Last update: 2018-07-27 11:41:55
An international team of computer scientists, philosophers, religious scholars, among others are working together on the Modeling Religion Project. The team’s goals are to provide politicians with an empirical tool to experiment with policy options. “Add in 50,000 newcomers, say, and invest heavily in education. How does the artificial society change? The model tells you. Don’t like it? Just hit that reset button and try a different policy.” Sigal Samuel for the Atlantic explains the ethical as well as political implications for using artificial intelligence to analyze and then influence societal outcomes, such as formation of religious identity.
Accused with links to the outlawed Gulenists, and the outlawed Kurdistan Workers Party, long time Turkish resident Andrew Brunson remains under house-arrest despite Trump administration demands on the Turkish government to release him. Evangelical Christian Mike Pence, as well as evangelical Mike Pompeo have taken a heightened interest in gaining release for Brunson, evangelical pastor from North Carolina. Staff at BBC News explain the further threats the US has made against Turkey on behalf of the pastor’s release.
Malaka Gharib explains the recent work of aid organization Translators Without Borders, which in partnership with Oxfam and UNICEF has created an online glossary for humanitarians working in Rohingya camps in Bangladesh. Cox’s Bazar in Bangladesh is home to nearly 1 million refugees, but the local dialect of the area is a barrier to Rohingya access to proper health care, explains Gharib. The ever-changing glossary that can be accessed through mobile phone apps is one step toward validating the cultural identities and rights of the millions of relocated people.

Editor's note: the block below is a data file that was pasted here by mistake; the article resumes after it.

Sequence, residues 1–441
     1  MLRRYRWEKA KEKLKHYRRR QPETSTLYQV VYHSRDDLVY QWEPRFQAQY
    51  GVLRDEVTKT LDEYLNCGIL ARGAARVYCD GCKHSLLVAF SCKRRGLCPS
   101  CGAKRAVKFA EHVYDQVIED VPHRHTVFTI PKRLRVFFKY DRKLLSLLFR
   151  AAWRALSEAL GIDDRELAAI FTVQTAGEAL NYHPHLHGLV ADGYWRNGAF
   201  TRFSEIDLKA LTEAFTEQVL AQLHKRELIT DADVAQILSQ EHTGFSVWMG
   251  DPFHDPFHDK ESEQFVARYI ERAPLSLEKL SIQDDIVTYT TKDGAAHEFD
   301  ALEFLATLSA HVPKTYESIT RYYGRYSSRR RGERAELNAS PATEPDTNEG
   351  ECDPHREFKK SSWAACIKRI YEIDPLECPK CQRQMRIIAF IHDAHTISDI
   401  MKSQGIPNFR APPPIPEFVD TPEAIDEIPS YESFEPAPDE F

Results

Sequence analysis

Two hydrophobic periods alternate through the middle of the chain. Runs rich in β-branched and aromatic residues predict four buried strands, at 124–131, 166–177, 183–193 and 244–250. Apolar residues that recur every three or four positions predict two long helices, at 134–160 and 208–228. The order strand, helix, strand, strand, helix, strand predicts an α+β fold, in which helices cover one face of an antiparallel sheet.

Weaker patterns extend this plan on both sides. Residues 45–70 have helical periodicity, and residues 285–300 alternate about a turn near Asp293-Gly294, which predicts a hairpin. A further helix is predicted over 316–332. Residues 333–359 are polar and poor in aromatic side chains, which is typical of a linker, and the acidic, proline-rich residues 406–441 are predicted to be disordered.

Since the conflict in Syria began more than 7 years ago, tens of thousands of people disappeared in government run jails. Many died in custody, explain Ben Hubbard and Karam Shoumali for the New York Times. In recent weeks the Syrian regime has released the documents declaring these taken persons dead, the first public acknowledgement by the state that hundreds, if not thousands died in state custody.